Search and Rescue helps hunters
Saturday snowstorm, busy hunting weekend spur activity
October 23, 2007
Routt County Search and Rescue responded to a flurry of calls during Saturday’s snowstorm, assisting two overdue hunters and a stuck vehicle.
“It was somewhat predictable,” said Russ Sanford, incident commander for Routt County Search and Rescue. “These midday storms always catch people.”
Last weekend was the first weekend of the unlimited rifle season for hunters.
Search and Rescue received a call about an overdue hunter at Middle Creek Ranch at 3:30 p.m. Saturday. The situation turned out to be a miscommunication between the hunter and his partners about when and where to meet.
“His partners and family were concerned, especially with the storm coming,” Sanford said, adding that the snow hit just as Search and Rescue arrived on scene at about 5 p.m.
The 62-year-old man’s hunting partners could not confirm that he was prepared for a survival situation if he got caught in the storm.
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Sanford said the incident, or lack thereof, reinforces the need for hunters and backcountry users to effectively communicate with one another.
“It’s always important to be clear with your partners what your intentions are,” he said.
Search and Rescue received a second call for an overdue hunter at about 7 p.m. Saturday. At about the same time, a report was made about a stuck vehicle.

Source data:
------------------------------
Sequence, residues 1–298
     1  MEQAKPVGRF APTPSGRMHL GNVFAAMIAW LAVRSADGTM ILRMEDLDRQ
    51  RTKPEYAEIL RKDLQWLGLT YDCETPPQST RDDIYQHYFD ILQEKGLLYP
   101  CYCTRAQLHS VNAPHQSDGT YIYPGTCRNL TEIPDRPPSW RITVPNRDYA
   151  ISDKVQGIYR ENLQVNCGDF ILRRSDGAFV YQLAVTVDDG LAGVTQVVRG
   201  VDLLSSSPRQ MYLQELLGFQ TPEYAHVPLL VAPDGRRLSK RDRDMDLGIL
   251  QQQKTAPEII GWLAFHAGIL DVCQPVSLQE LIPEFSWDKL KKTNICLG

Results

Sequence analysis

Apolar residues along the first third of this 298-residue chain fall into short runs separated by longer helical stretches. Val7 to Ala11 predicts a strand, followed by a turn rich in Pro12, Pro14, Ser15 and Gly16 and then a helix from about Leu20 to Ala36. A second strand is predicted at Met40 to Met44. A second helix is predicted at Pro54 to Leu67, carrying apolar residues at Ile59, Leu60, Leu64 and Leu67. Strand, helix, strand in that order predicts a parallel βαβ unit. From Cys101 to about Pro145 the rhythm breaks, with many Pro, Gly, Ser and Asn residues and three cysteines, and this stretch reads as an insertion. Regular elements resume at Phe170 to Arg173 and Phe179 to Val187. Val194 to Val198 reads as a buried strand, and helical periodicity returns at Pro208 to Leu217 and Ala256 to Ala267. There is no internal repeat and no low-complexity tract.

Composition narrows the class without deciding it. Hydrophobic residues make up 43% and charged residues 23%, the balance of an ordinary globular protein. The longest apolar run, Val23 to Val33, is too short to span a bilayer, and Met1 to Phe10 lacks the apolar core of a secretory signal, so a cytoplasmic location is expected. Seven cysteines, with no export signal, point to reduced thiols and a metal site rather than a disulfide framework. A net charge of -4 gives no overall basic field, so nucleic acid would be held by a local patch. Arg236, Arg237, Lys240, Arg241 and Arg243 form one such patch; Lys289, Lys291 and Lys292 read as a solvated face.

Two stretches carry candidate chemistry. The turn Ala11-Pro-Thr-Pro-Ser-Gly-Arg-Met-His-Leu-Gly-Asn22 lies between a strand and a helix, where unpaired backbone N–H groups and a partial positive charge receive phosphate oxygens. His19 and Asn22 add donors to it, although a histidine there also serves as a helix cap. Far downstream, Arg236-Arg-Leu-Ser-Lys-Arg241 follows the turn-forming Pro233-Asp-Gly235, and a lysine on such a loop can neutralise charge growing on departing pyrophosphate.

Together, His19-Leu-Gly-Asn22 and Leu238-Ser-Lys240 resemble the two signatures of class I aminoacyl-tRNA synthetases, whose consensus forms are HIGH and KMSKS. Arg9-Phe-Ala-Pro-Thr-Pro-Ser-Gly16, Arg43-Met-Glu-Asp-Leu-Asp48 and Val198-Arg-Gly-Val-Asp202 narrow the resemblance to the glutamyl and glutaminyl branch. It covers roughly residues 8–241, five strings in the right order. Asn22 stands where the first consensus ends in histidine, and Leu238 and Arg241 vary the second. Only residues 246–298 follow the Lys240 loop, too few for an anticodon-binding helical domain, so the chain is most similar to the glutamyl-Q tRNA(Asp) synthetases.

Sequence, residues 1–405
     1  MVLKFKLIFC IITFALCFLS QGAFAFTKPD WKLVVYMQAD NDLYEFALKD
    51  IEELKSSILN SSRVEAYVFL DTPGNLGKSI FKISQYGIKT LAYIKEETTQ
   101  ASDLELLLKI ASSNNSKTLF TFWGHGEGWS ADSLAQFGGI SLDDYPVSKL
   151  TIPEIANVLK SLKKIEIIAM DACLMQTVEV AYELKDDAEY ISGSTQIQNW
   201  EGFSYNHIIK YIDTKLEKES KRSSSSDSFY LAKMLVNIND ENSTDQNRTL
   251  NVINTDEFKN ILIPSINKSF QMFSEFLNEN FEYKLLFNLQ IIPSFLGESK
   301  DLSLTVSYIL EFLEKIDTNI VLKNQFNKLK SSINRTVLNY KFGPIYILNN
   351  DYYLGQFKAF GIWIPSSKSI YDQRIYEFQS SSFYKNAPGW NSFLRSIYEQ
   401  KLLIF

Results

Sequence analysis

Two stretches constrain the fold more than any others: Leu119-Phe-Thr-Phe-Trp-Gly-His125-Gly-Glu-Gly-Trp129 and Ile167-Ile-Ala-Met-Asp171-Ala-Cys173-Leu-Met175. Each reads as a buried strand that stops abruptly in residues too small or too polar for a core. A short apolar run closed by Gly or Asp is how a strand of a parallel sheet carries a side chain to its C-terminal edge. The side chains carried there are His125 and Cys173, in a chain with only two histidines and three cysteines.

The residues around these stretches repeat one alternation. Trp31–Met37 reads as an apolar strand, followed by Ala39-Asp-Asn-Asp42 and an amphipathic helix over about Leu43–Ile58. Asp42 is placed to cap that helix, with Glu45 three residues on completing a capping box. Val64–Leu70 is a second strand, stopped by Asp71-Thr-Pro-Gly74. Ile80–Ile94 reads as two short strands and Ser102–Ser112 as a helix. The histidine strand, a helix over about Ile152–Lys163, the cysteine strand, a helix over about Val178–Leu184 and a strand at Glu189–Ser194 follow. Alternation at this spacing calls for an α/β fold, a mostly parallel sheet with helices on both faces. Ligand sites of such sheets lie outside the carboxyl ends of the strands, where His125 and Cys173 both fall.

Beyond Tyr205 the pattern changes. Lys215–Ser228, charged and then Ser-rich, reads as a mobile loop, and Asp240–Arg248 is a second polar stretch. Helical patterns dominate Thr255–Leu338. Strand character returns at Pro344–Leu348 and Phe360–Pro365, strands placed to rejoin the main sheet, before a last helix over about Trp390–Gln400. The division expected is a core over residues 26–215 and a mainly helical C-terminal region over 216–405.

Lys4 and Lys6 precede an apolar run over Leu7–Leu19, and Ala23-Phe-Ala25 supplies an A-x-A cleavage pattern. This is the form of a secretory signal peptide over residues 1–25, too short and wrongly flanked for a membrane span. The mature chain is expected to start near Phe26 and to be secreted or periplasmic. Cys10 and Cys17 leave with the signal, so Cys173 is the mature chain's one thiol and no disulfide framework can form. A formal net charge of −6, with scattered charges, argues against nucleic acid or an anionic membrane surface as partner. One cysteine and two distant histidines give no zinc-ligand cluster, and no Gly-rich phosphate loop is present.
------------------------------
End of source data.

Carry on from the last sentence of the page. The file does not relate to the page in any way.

The vehicle and its two passengers were stuck in the mud and snow on Routt County Road 480 near Steamboat Lake.
“We normally don’t go on stuck vehicle reports, but they were unprepared for the storm,” Sanford said. “They didn’t have any proper clothing whatsoever to walk out.”
The motorists had been turned down for assistance by towing companies because of the weather, their location or a combination of both, Sanford said.
Search and Rescue sent in a team on three all-terrain vehicles expecting to bring out only the passengers, but team members also freed the vehicle.
The second overdue hunter was reported from near Dutch Creek Guest Ranch. The hunter was in radio communication with his partners and had proper clothing and supplies. He walked out on his own just before 10 p.m., Sanford said.
As winter approaches, Sanford said, residents and visitors should always have basic supplies with them in case of bad weather or other emergencies.
“You definitely need to check the weather before you go out,” Sanford said. “It’s always a good idea to be prepared to some minimal extent, no matter what you’re doing.”